Air Canada, British Airways and Lufthansa are among 20 large air carriers who now refer to Taiwan on their websites as a satellite state of China, AP reported earlier this week.
Beijing is now claiming Taiwan, although the two territories separately declared their independence following the mid-20th-century Chinese civil war.
"Foreign enterprises operating in China should respect China's sovereignty and territorial integrity, abide by China's law and respect the national sentiment of the Chinese people," China's Foreign Ministry spokesperson Geng Shuang announced recently.
Staffers at the Trump White House criticized Beijing's demands, referring to them as "Orwellian nonsense." On websites, US-based air carriers including American, Delta and United use the nation's name: ‘Taiwan,' to refer to the popular destination.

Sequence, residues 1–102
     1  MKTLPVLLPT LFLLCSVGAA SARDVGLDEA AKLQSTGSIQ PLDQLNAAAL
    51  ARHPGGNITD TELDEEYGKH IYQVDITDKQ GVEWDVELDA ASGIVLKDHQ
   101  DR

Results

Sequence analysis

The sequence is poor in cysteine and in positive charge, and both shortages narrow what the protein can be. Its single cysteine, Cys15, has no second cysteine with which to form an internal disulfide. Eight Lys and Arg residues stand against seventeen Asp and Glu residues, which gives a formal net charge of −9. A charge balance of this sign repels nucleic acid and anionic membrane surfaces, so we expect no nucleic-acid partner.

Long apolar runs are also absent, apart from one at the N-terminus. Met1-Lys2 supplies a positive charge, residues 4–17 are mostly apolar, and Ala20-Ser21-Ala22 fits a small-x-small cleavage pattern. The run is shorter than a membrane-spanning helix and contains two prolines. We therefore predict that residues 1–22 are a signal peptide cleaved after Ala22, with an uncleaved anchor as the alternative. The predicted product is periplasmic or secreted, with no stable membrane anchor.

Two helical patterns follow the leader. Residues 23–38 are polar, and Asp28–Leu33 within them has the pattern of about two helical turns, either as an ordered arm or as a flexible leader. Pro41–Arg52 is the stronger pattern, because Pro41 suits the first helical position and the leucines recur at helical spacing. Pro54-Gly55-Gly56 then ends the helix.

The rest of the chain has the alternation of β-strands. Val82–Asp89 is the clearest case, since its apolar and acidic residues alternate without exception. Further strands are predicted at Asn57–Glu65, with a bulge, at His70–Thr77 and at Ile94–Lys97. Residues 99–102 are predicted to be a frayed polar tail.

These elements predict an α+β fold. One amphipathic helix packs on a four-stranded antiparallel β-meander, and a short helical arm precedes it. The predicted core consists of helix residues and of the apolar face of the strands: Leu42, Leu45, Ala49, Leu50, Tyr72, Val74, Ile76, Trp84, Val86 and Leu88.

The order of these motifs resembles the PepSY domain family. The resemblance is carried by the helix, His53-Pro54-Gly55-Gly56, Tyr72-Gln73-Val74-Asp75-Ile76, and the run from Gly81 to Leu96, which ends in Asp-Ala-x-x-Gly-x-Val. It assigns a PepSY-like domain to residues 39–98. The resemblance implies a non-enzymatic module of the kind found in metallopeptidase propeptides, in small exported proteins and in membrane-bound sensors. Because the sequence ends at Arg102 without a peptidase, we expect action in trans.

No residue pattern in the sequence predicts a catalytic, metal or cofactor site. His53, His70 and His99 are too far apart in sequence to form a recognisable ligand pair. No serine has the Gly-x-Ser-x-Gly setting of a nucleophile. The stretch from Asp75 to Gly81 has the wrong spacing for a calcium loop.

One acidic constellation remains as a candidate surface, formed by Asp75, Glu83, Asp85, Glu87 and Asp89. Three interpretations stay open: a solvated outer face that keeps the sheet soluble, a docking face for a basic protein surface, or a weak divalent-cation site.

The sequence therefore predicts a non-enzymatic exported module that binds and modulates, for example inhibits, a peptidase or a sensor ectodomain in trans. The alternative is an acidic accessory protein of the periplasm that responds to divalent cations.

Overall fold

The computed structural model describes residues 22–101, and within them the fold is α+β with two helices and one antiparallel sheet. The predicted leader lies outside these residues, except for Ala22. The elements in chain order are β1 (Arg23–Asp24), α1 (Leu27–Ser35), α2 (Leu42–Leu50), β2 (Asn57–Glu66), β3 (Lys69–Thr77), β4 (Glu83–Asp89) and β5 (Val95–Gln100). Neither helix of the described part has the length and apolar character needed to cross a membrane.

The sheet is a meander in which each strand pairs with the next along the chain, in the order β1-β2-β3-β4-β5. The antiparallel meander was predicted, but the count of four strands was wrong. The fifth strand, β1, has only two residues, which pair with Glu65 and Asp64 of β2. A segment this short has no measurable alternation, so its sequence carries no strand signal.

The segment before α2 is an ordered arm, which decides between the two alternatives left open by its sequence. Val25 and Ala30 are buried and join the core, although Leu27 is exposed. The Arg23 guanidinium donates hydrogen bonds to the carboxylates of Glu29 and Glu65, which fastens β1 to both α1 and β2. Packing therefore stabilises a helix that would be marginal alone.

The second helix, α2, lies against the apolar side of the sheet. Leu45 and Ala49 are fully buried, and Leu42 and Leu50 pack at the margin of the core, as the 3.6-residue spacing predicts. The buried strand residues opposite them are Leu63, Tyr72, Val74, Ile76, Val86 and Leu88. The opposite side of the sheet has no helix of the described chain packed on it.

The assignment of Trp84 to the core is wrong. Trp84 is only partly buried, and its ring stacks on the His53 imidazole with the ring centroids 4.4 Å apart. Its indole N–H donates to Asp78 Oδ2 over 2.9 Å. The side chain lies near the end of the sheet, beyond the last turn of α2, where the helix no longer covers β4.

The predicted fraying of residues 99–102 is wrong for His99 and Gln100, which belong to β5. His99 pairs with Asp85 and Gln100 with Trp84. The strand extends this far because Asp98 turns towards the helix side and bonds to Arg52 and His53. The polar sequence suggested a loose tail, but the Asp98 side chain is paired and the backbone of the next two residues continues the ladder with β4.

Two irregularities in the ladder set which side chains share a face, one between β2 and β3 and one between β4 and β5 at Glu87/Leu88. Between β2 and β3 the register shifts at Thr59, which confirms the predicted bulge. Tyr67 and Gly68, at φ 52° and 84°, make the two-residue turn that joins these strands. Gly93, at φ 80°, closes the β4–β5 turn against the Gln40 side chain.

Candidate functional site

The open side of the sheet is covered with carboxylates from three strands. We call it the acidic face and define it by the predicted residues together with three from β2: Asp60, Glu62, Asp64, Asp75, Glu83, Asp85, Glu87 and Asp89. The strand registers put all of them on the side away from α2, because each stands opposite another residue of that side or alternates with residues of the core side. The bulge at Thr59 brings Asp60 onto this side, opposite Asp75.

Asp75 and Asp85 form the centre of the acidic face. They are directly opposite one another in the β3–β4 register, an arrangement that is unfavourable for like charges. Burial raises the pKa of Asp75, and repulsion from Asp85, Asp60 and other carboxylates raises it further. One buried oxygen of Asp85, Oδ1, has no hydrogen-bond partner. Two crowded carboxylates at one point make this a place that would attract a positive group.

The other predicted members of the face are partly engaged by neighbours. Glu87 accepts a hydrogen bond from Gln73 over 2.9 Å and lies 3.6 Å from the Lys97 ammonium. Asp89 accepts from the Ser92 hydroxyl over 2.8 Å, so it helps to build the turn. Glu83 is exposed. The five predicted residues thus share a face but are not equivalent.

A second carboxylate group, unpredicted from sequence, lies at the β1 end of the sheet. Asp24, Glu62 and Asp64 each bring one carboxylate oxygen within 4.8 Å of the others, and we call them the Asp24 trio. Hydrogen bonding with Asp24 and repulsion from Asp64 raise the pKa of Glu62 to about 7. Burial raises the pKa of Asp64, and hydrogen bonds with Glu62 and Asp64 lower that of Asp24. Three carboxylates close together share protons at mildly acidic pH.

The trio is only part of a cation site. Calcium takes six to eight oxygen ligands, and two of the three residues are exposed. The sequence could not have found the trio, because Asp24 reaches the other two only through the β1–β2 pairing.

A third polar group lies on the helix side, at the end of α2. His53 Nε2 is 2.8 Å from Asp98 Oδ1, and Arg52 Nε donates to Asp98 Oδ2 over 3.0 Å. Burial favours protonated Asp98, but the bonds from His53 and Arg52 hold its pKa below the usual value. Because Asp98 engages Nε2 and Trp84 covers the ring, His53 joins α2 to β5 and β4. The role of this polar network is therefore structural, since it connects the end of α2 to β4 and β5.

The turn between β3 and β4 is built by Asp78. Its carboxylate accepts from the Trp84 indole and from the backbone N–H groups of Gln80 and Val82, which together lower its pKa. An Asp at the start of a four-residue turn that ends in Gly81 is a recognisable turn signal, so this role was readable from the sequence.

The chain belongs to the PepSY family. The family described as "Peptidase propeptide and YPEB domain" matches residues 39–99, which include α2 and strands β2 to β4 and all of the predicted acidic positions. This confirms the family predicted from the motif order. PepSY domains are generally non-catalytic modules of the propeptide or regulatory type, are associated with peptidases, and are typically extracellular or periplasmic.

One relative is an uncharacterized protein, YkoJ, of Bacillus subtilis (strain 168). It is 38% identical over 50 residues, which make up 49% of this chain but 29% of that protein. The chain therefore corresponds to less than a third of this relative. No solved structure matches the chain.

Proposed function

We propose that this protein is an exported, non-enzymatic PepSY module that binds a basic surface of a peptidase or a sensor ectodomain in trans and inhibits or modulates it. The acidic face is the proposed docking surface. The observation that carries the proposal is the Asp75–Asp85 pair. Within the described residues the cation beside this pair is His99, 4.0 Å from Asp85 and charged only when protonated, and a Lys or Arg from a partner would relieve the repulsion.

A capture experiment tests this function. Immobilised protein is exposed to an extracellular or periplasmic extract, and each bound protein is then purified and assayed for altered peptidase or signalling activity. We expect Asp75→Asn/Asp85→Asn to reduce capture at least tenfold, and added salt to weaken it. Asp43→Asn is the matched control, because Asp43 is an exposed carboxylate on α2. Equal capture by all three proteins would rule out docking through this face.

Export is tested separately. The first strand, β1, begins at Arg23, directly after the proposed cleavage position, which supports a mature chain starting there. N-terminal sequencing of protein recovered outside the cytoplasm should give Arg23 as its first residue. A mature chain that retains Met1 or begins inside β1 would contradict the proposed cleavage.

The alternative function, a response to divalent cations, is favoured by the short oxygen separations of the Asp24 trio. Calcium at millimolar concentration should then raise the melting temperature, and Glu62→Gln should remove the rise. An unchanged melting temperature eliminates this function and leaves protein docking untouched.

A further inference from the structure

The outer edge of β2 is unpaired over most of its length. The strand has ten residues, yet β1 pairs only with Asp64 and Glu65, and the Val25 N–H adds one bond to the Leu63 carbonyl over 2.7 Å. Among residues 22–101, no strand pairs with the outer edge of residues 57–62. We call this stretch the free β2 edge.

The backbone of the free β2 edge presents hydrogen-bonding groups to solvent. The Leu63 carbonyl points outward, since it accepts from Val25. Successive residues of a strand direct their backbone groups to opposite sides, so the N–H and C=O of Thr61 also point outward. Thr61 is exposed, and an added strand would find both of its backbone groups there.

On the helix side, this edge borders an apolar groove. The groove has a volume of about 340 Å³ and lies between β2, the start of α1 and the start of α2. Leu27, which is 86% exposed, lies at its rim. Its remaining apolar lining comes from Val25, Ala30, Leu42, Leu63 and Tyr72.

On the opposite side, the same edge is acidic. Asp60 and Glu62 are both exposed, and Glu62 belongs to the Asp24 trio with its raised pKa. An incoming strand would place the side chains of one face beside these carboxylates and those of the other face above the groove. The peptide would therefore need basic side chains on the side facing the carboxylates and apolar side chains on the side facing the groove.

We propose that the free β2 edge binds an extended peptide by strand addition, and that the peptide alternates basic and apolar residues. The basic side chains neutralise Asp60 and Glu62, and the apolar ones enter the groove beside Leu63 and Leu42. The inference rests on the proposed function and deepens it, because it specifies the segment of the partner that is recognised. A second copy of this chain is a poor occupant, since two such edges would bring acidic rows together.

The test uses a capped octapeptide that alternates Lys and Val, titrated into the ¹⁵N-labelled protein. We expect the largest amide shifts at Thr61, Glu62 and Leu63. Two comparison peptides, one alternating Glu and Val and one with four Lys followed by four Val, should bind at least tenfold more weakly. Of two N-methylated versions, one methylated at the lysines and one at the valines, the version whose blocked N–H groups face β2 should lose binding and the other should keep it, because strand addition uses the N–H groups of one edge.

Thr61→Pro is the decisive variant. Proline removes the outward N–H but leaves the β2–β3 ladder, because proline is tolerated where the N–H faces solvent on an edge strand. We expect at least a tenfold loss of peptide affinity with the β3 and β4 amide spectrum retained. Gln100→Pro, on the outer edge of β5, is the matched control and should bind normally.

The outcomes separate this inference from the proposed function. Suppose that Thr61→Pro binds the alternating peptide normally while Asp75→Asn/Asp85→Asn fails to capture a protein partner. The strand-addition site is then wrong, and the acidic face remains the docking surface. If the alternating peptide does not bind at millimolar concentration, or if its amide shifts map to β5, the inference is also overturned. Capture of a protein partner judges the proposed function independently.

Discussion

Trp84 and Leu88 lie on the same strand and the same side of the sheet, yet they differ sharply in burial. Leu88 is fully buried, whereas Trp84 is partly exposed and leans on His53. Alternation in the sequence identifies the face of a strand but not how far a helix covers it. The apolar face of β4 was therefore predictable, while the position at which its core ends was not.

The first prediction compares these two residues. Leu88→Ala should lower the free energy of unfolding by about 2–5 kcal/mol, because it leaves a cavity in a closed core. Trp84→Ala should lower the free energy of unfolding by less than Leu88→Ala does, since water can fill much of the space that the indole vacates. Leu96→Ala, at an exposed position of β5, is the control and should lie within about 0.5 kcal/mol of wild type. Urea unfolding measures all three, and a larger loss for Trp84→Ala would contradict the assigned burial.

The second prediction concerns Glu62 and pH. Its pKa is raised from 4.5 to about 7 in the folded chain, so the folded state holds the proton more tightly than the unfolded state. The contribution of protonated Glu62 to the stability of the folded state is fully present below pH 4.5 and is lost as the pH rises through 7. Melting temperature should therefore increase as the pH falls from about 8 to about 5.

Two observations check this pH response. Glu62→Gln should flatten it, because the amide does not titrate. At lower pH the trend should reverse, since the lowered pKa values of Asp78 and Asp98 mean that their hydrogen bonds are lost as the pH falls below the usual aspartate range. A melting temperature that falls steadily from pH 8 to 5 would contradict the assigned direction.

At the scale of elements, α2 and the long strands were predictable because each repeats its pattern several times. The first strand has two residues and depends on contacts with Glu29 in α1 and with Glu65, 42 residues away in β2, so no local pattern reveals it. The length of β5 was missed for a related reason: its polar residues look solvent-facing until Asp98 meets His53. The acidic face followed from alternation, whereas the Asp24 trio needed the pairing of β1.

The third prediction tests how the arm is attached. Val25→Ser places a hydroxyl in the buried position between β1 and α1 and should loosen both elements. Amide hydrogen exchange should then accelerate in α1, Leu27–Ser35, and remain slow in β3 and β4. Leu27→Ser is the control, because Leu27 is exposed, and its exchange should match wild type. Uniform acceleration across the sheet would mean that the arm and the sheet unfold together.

When asked about the ideologically-based Beijing demand, an American airlines spokesperson stated: "We are consulting with the US government on the matter," cited by the LA Times.
In a similar vein, a Delta official noted that the Atlanta-based air carrier is "reviewing the Civil Aviation Administration of China's request and will remain in close consultation with the US Government throughout this process."
Beijing has not revealed whether a penalty will be imposed on those airlines that do not comply with its order.
If such a financial penalty is imposed, however, China could face a backlash within the economy of its own air-travel sector, as US airlines flying to Taiwan have deep partnerships with China-based carriers including Shanghai Airlines, China Airlines and China Eastern Airlines, which could affect their global market share.